First day of elections in the Netherlands, against the backdrop of coronavirus

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The Hague | The Netherlands began three days of parliamentary elections on Monday, seen as a test of the current government’s handling of the epidemic, and which should see Prime Minister Mark Rutte win a new term.

Polling stations across the country opened at 7:30 a.m. (6:30 a.m. GMT) on Monday, hours adapted this year due to COVID-19. People at risk are called to vote on Monday and Tuesday, with the main polling day taking place on Wednesday.

A small number of people were seen going to vote at a polling station in The Hague a few minutes after it opened, near the Madurodam miniature park, an AFP journalist noted.

The country remains under strict anti-COVID restrictions, including a curfew.

The introduction of this controversial measure at the end of January led to the worst riots in the Netherlands in 40 years. And again on the eve of the first day of voting, police used water cannons in The Hague to disperse a new anti-government demonstration.

Liberal-Conservative Prime Minister Mark Rutte, in power since 2010, however, seems on the way to being re-elected for a fourth term, as the coronavirus has distracted attention from other issues such as immigration, which had dominated the previous elections.

Opinion polls show Mr. Rutte’s Popular Party for Freedom and Democracy (VVD) as the clear winner, with around 25% of the vote, far ahead of the 13% of its main competitor, the Party for Freedom (PVV ) of anti-Islam deputy Geert Wilders.

“It seems that right-wing voters really like the VVD and Rutte,” André Krouwel, professor of political science at the Free University of Amsterdam, told AFP.

For the political scientist, Mark Rutte “benefits not only from the” Prime Minister bonus “”, that is to say from the fact of already being in this post, “but also the” corona bonus “, because he was the bearer. speech during the pandemic ”.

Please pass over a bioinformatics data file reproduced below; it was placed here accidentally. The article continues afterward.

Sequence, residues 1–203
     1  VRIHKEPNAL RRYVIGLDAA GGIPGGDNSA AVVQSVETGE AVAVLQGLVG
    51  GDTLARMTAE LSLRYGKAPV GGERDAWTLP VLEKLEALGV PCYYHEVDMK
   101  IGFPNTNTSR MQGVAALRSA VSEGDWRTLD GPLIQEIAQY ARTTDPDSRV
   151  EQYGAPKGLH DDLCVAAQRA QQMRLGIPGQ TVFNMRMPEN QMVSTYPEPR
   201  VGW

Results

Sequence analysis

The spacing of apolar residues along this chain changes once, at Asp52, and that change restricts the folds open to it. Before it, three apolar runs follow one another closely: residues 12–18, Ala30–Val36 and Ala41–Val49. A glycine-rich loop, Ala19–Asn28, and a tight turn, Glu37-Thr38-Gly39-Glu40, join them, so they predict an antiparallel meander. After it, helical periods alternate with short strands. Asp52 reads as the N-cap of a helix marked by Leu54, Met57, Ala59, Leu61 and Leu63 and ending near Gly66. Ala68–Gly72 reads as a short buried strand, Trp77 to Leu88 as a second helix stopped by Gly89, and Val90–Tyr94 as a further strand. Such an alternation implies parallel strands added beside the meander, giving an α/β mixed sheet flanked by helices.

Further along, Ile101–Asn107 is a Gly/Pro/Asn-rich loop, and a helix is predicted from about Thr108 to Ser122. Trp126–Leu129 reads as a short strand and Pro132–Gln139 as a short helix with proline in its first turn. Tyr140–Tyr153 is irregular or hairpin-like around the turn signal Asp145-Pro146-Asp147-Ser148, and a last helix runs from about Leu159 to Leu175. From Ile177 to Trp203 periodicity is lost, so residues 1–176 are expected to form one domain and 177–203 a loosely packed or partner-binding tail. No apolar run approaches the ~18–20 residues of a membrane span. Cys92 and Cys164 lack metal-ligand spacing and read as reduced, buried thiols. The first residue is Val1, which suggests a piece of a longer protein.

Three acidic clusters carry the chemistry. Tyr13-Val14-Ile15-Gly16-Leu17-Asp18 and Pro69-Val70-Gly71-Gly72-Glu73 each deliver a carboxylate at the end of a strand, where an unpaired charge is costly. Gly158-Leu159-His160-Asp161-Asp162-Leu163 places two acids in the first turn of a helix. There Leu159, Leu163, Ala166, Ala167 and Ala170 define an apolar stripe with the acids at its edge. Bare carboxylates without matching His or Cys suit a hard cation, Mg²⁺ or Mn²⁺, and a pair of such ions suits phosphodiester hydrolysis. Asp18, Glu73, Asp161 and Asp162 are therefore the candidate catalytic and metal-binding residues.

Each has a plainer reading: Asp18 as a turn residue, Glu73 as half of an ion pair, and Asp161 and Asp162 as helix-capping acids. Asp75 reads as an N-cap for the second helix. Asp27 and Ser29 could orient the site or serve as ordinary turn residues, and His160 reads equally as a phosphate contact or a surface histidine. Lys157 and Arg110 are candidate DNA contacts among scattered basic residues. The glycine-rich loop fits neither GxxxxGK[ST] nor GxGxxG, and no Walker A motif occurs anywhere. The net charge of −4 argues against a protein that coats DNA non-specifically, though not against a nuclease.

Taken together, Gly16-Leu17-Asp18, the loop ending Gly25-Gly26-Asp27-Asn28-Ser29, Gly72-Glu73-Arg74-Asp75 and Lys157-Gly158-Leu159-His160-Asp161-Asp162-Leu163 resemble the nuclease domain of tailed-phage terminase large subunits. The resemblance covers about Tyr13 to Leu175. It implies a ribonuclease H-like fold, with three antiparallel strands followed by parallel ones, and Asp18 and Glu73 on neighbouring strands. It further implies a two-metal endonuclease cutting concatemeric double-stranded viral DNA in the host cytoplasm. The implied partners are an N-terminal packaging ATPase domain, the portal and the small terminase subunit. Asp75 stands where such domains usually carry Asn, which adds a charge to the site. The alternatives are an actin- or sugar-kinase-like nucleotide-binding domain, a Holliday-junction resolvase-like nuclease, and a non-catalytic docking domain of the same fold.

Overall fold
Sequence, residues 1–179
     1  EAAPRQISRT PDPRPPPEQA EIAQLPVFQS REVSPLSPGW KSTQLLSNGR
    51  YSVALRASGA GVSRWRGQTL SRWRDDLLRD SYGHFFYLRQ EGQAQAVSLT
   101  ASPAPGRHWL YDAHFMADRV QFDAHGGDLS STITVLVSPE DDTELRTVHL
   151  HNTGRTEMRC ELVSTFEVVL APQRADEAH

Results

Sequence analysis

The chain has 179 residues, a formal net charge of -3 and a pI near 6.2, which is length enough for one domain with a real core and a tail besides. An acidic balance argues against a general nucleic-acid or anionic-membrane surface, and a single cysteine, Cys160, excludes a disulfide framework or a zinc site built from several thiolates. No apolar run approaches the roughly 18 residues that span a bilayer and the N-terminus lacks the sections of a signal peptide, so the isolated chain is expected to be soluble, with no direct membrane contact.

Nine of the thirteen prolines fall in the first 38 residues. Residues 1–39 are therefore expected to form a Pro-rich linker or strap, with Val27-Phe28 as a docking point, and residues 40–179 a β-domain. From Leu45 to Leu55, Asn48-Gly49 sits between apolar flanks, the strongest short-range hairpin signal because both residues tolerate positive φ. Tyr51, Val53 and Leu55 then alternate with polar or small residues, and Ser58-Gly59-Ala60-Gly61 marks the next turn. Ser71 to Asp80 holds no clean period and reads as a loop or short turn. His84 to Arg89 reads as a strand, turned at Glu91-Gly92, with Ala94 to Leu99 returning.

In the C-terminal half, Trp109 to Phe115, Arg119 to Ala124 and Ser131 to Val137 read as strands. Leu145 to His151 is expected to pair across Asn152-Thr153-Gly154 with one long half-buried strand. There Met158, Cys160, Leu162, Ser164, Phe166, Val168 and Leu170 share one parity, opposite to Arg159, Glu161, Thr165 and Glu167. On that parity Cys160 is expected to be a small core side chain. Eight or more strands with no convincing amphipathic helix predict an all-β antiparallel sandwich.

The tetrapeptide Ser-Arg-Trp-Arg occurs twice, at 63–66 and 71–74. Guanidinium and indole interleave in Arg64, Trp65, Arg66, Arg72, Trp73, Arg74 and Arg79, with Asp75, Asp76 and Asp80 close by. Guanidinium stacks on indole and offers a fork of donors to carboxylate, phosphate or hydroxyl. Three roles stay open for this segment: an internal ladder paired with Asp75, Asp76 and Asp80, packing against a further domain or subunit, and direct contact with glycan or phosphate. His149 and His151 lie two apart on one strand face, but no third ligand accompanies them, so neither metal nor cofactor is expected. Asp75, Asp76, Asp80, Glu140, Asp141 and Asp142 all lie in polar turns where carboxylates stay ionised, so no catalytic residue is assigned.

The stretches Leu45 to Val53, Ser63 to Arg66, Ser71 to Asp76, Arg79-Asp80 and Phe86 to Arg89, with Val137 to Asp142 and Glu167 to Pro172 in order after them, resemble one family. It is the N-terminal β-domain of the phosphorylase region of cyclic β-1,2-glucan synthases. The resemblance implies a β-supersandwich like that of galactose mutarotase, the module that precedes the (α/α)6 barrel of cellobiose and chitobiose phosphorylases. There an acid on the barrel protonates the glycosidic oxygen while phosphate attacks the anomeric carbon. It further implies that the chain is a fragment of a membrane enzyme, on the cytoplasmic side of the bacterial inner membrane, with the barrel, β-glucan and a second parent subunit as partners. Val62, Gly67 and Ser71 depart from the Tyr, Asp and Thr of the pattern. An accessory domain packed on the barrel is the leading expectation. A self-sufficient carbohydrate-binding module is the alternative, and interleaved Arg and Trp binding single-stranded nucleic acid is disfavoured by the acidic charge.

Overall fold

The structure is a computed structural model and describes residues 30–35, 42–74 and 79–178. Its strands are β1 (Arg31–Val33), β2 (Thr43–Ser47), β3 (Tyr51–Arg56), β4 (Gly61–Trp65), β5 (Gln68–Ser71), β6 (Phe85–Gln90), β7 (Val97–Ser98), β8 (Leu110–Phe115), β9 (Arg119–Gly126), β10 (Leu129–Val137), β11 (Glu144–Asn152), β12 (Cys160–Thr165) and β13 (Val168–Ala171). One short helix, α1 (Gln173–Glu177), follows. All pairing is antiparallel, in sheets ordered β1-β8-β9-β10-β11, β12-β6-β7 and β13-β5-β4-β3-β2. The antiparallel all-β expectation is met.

Prime Minister “Teflon”

Mark Rutte announced last week that exceptions to the curfew, in effect from 9 p.m. to 4:30 a.m., would apply during elections to allow voters to vote “without hindrance.”

Dutch authorities have urged older people and those vulnerable to the coronavirus to go to the polls early, with the majority of the rest of the population, including party leaders, having to wait until Wednesday to vote.

The conservative Christian Democratic Appeal (CDA) and Christian Union (CU) parties, both members of the current coalition, are vying for third place in the polls, meaning they could also return to the polls. government.

But with many other candidates not far behind, including the environmentalist party GroenLinks, it remains uncertain what form a new governing coalition might take. Talks to create one after the last election in 2017 had lasted seven months.

This year, the management of the COVID-19 epidemic emerges as the key issue, largely dominating the debate. The Dutch authorities had first adopted much more lax measures than their neighbors, and had experienced a late start to their vaccination campaign, before tightening the screws in recent months.

Nicknamed the Prime Minister “Teflon” for his ability to emerge unscathed from political crises, Mark Rutte was nevertheless forced to resign in January after thousands of parents were wrongly accused of fraud in family allowances.

“Lots of scandals”

The VVD “has been in government for some time and I think it has faced a lot of scandals, which they might not have survived if the coronavirus was not there”, believes Floris van Dedem, a 22 year old student living in The Hague. “I don’t think they could have had so many seats” without the health crisis, he told AFP.

However, other issues, such as education and the climate, were also raised during the election campaign.

“In the end, I believe that (the coronavirus) will not influence my choice because I think there are other subjects which are also important”, explains to AFP Bridget ten Cate, 40, who works at the Ministry of Finance.

The Dutch elections will be watched closely across the rest of the EU, as it is one of the first major tests of a government-27’s pandemic response this year.

Mark Rutte is the third longest-serving European leader, after German Chancellor Angela Merkel and Hungarian Prime Minister Viktor Orban.